5 Macro Frames on Film with the Minolta MC Macro Rokkor 3.5/100mm – By Matthias Steck

The idea of trying to take macro shots on film came to me, when I was watching older illustrated books with all kinds of nature photography. I’m deeply impressed by the images the nature photographers in the 1970ies to 1990ies were able to take with the equipment of their era. I would never be able to do such wildlife photography with my analog equipment.

But trying some plant macros seemed possible.

Some years ago I got a well used Minolta MC Macro Rokkor 3.5/100mm with 1:1 extension tube which I mostly used adapted on my Sony A7II. I really like the  Minolta MC Macro Rokkor 3.5/100mm (a classic Planar-design with 5 Elements in 4 Groups) though it’s surprisingly large and very heavy for a 100mm f3.5 lens. Despite it’s size and weight this lens is a joy to handle with buttery smooth focus and very nice build quality. This lens is not such a good multi-purpose lens as some of the longer macro lenses of other manufacturers (like the Canon FD Macro 4/100mm or the Tokina AT-X 2.5/90mm) but stopped down at macro distance image quality is quite good. Bokeh at close distance is very nice and creamy even stopped down to f8 or f11.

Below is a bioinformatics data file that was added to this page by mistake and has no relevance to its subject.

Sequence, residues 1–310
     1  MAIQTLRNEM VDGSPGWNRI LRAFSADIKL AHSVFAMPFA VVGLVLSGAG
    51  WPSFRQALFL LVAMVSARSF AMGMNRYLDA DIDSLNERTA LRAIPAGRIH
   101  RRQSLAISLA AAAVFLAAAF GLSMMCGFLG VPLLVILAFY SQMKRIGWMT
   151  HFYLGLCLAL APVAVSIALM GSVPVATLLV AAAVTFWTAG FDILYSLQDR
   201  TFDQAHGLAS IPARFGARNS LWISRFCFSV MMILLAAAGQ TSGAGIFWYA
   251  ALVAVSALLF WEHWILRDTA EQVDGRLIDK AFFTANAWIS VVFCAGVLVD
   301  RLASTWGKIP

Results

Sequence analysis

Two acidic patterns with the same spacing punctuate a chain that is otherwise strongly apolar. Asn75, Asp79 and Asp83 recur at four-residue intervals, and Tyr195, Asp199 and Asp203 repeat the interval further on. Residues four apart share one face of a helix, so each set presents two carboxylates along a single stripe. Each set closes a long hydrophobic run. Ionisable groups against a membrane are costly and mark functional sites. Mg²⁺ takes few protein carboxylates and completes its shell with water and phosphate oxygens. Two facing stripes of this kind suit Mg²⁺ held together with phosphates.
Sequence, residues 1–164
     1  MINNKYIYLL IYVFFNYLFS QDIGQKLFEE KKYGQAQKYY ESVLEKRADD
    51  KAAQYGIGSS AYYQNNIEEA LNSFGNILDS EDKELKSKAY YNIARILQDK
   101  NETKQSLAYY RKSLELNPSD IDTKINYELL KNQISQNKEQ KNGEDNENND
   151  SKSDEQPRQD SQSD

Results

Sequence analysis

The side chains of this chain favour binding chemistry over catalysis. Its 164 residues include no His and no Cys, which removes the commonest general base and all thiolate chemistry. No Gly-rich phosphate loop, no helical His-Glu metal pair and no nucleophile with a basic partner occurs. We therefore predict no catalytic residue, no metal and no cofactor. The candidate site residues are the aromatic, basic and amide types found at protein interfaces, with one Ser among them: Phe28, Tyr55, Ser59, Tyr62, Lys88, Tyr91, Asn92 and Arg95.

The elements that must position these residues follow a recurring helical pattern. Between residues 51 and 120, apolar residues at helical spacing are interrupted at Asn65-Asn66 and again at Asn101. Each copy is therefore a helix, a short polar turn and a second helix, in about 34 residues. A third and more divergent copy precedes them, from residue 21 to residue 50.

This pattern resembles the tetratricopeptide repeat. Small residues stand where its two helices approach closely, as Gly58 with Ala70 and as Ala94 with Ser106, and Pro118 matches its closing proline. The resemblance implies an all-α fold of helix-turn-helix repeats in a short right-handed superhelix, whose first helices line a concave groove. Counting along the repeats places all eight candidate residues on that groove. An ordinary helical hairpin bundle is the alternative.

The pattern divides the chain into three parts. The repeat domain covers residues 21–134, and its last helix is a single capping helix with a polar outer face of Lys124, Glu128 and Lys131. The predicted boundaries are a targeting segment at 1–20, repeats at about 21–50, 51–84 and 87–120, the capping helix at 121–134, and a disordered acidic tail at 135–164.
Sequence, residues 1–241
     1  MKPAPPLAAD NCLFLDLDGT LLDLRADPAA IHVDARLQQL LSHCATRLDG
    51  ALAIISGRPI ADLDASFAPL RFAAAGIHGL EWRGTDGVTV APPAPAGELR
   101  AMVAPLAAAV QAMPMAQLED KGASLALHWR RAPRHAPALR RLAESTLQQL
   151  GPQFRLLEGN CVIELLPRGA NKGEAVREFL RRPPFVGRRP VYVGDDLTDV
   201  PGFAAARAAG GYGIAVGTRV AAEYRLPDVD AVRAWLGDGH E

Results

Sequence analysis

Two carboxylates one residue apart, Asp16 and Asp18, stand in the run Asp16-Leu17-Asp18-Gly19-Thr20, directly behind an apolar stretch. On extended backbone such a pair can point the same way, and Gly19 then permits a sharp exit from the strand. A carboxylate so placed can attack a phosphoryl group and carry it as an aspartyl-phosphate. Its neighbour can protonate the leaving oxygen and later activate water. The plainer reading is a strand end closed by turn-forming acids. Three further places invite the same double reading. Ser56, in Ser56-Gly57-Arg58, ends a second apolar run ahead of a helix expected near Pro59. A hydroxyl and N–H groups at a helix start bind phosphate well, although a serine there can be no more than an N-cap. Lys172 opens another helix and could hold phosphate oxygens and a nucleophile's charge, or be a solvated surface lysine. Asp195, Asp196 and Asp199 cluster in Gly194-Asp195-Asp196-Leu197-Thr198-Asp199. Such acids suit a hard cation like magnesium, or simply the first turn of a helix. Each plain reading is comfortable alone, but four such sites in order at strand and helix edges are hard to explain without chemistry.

Unlike on my digital cameras, where I often try to get along without a tripod even at close focus distance (image stabilization is a very handy feature), for all these shots I used a tripod and a cable release and for most of them also a Minolta angle finder. This is slowing down my workflow a lot and therefore I didn’t get a single decent insect image. I don’t understand how the old photographers 30 or 40 years ago got their insect macros.

Despite the slow process it’s a very pleasing experience to compose macro shots in the great bright viewfinders of my Minolta bodies. Doing macro shots, for me the view through these finders is a lot nicer than through the EVF of my digital cameras, where I have to use focus magnification to set proper focus.

I used my Minolta XD-7 with Kodak Ektar 100 and my Minolta SRT-101 with Kodak Ultramax 400. Ektar for me certainly is the film stock of choice for macro work, Ultramax is way too grainy. Using slide film (like Fuji Velvia)  could also give great results, I think, but I haven’t tried this yet.